Root Ignores Own Advice, Scores Ton

Yesterday England’s batsmen had their best opportunity all series to score some runs. The pitch wasn’t easy but the Windies attack was seriously depleted. Their captain, Jason Holder, was sitting in the stands. And his replacement Keemo Paul was carted off the field with a nasty looking injury. Suddenly the remaining Windies quicks had a lot more work to do, and fatigue inevitably set in.

Enter the two Joes. Neither had looked convincing thus far on tour. Root had received some unplayable deliveries and Denly had looked as nervous as a virgin at a brothel. But yesterday was a different story. Perhaps buoyed by a complete lack of scoreboard pressure, Denly looked rather composed for a batsman playing for his test future.

The man of Kent defended stoutly, drove elegantly, and basically looked like the high class prospect he was as a youngster. What a shame his career didn’t really pan out the way his admirers (which included myself) thought it would.

It was a real shame that Denly didn’t make his ton. He was playing so well. The manner of his dismissal was disappointing too. Having played a wafty cut at a wide ball and missed by a whisker, he inexplicably repeated the shot next ball and nicked it behind this time. It was a real head in hands moment.

On the positive side, Joe might have played himself into contention for an Ashes spot with his eye-pleasing half-century. The Aussies have a swarm of nasty fast bowlers and he generally looked unruffled by the pace of Gabriel and Joseph. It reminded me of the time when Denly looked a class above the other Lions batsmen when England’s second string played the Aussies back in 2009. Brett Lee bowled rapidly and took 6-76. Denly swatted him away off front foot and back with aplomb, and looked like he had all the time in the world to play his shots.

On the negative side, the nature of his dismissal was very soft. England have lots of players capable of making fancy fifties but few who can make match defining hundreds. And Denly may never get a better chance to register a maiden century. Fifties are all very well but they won’t cement a batsman’s place in the side.  Just ask James Vince, another elegant right-hander, who scored 76 in his last test innings before being kicking into the presumably pretty short grass. One suspects at age 27 that Vince may get another opportunity sooner rather than later. Denly, on the other hand, is 32 and time is running out for him.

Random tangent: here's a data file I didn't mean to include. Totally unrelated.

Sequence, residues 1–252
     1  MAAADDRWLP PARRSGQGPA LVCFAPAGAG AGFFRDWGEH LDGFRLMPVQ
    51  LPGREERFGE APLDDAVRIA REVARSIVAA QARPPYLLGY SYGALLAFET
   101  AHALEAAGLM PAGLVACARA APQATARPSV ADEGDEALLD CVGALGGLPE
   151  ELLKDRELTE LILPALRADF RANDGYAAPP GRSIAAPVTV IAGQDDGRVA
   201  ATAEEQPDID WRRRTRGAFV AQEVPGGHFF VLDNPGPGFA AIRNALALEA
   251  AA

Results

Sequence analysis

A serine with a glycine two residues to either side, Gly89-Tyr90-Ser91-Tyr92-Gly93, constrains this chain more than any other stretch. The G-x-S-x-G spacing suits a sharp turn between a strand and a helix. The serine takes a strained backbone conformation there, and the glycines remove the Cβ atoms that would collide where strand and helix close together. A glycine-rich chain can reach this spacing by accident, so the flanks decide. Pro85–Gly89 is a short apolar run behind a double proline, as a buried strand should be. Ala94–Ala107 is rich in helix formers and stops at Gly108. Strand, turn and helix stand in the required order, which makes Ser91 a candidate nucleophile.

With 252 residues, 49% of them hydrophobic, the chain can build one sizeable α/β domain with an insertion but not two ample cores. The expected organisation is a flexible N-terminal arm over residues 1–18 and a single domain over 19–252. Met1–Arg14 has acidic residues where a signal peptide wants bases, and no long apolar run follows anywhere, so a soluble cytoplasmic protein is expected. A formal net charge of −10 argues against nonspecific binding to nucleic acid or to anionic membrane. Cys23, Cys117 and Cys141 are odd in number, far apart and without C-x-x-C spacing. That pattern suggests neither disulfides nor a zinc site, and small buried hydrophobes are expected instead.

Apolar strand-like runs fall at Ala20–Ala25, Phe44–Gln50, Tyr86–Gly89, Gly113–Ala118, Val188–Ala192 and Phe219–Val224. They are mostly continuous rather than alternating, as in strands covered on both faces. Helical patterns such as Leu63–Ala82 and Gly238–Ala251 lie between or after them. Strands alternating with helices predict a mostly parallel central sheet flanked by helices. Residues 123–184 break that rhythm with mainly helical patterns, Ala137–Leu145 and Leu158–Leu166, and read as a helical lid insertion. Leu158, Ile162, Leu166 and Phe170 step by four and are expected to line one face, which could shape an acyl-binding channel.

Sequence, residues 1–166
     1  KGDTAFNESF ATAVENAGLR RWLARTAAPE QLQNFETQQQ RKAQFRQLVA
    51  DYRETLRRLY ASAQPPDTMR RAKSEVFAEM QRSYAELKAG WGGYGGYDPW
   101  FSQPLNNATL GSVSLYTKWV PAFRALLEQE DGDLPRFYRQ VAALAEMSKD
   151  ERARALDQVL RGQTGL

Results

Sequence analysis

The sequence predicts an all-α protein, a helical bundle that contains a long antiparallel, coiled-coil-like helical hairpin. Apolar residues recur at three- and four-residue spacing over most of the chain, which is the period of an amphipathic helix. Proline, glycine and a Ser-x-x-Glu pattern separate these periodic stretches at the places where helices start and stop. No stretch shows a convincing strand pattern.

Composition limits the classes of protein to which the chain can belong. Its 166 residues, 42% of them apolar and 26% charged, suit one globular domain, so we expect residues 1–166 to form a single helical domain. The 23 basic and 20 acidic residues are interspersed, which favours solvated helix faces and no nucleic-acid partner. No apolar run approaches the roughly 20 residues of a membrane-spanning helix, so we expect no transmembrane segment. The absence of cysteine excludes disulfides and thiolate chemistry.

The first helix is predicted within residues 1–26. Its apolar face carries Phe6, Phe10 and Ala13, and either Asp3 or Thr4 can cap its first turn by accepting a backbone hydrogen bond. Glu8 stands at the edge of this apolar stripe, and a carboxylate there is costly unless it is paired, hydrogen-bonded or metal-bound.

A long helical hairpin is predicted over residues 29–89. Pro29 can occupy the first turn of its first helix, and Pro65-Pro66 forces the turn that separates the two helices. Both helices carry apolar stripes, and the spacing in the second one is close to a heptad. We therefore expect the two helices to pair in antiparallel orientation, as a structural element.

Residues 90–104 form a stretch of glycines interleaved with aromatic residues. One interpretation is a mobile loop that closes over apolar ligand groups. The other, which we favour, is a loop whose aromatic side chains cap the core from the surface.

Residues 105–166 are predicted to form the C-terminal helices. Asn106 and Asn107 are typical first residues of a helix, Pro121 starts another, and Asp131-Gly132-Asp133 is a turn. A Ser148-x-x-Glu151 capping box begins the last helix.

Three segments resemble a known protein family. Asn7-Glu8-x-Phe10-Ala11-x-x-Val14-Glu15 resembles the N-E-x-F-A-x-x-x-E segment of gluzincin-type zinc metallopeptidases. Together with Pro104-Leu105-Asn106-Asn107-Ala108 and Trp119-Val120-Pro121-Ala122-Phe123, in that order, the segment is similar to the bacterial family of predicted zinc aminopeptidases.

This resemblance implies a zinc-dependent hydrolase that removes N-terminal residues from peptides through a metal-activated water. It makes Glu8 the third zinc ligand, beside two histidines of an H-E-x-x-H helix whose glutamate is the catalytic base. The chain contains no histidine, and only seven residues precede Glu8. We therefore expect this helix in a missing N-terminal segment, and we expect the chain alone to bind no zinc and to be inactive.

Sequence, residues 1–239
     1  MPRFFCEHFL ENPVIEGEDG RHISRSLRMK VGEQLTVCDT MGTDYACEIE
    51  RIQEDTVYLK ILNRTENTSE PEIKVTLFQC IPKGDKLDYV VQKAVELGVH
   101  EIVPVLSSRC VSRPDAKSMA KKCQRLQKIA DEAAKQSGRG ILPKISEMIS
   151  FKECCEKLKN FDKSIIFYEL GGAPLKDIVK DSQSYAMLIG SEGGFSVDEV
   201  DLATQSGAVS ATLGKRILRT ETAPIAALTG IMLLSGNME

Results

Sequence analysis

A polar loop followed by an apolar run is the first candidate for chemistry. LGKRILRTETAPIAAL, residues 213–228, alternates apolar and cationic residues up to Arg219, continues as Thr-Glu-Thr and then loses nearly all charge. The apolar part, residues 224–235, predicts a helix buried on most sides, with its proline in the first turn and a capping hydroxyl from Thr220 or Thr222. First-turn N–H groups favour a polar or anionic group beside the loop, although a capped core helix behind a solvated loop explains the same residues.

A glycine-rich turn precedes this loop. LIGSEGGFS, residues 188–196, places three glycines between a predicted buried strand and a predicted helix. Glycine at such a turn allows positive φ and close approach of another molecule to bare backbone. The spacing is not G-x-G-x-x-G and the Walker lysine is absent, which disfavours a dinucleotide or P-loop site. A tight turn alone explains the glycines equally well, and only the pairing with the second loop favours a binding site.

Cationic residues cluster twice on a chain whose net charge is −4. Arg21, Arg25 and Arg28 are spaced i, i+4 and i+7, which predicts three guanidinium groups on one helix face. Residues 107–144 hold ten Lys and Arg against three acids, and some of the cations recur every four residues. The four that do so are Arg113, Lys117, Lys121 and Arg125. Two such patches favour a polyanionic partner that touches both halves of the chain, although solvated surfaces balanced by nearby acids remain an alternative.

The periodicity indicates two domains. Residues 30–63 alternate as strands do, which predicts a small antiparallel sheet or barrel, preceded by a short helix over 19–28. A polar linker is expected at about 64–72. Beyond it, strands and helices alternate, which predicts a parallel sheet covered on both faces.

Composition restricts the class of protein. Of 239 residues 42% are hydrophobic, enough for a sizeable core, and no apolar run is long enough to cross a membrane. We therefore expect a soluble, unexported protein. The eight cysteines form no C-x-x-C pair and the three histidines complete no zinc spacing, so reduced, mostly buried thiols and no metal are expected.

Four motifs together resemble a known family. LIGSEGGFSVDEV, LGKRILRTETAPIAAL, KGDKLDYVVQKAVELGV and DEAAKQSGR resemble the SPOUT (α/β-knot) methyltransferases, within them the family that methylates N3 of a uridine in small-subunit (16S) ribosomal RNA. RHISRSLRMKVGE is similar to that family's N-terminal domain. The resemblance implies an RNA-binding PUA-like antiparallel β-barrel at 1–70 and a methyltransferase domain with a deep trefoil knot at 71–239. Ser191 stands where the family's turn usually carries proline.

Fortunately for England, however, the other Joe saw the job through this time. It was his 16th test hundred to go along with his 41 fifties. Root hasn’t always been able to deliver three figures for his team, but on this occasion he came good. And England are sitting pretty, erm, pretty as a result.

People will argue that this game is a dead rubber, and everything was in Root’s favour, but I sense it was still an important knock for the skipper. He hasn’t had a good time of late – his stint in the Big Bash was not a success and he’s look a bit out of sorts in the Caribbean – so this was a morale boosting knock. Note to Joe: give up the T20 crap and focus on what you’re best at.

The other interesting thing about Root’s innings was that he completely ignored his own advice. Before the Antigua test he espoused the benefits of a pro-active approach at the crease: you don’t win test by being passive etc, you win by putting runs on the board. Joe must have twigged pretty quickly that he was talking cobblers as yesterday’s knock was very prudent to begin with.

The thing I loved about Root’s century was that played himself in with great care before finally expanding his repertoire of shots in the final session. One wonders whether the skipper really believed what he said before the second test or whether he just had Tom Harrison’s hand up his arse at that particular moment? This do or die attitude has not served England particularly well in red ball cricket, so it was great to see the skipper bat with common sense.

England’s lead is now 448 and we still have six wickets in hand. Nothing is going to stop us now. The pitch still offers quite a lot of assistance for the seamers when the ball is new and hard. I can’t see a Windies side missing its captain and with the series already in the bag putting up much a fight on the fourth innings.

What’s more, a few balls started to keep low as the day wore on yesterday. Mark Wood and Stuart Broad will be licking their lips.

This game is done folks.

James Morgan


  • You always need some luck. What would we be saying about Denly if that dolly hadn’t been spilled when he was on 12?
    Talking about luck, I’ve not seen many balls more unplayable than the one that did for Jos Buttler in this innings. At fault in the first innings, yes, but how do you play that one?